Here are the results:

Philosophers:  40%  Internalism,  41%  Externalism, 19% Other
Singapore:  38% Internalism ,  62%  Externalism ,  0% Other 
USA:  28% Internalism , 70% Externalism,  2% Other

Philosophers appear generally split on MTE. However, most of the folk, East and West, are externalists for MTE. Against H&T, even amongst only philosophers, we do not see that a majority of intuitions are internalist ones. Rather, when combining all the populations East, West, and philosophers, it appears that most have externalist intuitions on MTE.

Furthermore, we see that there is substantial intracultural variation. The minority subpopulations in both folk groups are rather sizable, and moral semantic intuitions on MTE lack the kind of widespread consensus that is found in other staunch a priori domains of inquiry, such as in math and logic. As there is an absence of sufficient consensus within a culture, an internalism seemingly applies to both minority folk subgroups in the East and West, although an externalism purportedly applies for most in both East and West groups. Different theories of reference may apply to different people even within the same culture. This also seems to hold for philosophers on MTE too. It appears that if theories of reference are adjudicated based on intuitions, as is commonly held in the philosophy of language, there’s a moral semantic pluralism, where different theories of reference apply to different people. This runs not only contrary to H&T, but it flies in the face of all current moral semantic theories in that they are either exclusively internalist or externalist.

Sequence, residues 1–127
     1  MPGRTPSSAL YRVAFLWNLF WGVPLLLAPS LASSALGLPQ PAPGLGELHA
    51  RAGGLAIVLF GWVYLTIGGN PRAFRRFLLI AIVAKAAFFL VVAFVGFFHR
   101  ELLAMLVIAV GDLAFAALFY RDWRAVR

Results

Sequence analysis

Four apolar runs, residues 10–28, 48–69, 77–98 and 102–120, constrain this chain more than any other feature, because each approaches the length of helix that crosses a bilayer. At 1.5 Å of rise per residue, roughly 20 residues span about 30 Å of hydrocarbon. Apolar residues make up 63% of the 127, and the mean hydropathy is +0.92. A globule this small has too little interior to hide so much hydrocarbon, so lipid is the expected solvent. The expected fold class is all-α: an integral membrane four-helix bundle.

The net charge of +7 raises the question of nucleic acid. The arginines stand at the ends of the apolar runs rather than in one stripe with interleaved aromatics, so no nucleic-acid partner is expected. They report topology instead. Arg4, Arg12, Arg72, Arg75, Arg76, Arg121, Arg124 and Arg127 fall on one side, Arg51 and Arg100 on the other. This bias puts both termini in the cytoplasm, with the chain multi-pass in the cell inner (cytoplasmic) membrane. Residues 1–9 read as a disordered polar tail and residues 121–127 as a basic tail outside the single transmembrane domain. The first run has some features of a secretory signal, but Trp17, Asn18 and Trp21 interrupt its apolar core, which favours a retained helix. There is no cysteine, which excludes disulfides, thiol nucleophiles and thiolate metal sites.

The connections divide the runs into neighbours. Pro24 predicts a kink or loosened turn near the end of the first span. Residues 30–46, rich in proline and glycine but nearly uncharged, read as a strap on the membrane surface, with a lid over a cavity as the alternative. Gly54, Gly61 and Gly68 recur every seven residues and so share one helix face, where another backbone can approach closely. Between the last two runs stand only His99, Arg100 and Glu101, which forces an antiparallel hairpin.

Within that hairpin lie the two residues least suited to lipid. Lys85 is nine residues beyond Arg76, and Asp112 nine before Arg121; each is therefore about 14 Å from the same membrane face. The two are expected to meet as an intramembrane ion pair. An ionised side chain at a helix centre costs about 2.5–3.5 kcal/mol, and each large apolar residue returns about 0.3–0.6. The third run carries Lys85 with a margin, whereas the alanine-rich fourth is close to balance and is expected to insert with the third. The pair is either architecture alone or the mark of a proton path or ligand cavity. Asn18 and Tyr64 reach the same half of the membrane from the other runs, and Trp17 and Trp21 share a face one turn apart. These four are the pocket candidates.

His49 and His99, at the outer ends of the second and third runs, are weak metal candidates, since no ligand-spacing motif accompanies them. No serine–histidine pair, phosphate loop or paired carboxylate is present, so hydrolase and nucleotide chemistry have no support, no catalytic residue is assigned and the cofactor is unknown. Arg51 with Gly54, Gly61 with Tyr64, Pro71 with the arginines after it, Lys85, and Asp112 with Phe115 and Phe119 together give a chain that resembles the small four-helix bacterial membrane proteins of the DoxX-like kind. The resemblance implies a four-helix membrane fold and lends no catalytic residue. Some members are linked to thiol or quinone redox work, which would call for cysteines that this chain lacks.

One may counter that only expert philosophers’ intuitions should be relied upon. However, even if we did this, there will still be a pluralism. One may reject the pluralism option because there needs to be some kind of argument establishing that the semantic intuitions provide any evidence about reference such that the disparate intuitions generate a pluralism. As there is no such argument, we should not trust semantic intuitions at all, and philosophers should abandon arguing for a theory of reference. However, experiments have shown that people’s intuitions in semantics on theories of reference coincide with how they actually use specific terms in sentences (Machery et al. 2009). This provides sufficient empirical data that semantic intuitions do provide evidence about the reference of our concepts. An objection is that there is merely a disagreement in non-semantic facts, such as regarding the storyline descriptions in the MTE hypotheticals. Once we get clear on and in agreement with the non-semantic facts, our semantic intuitions will align such that there will be a sufficient consensus. However, given the readability measurement, we can inductively infer that most of the participants, including experts, are clear on the non-semantic facts of MTE and comprehend the scenario.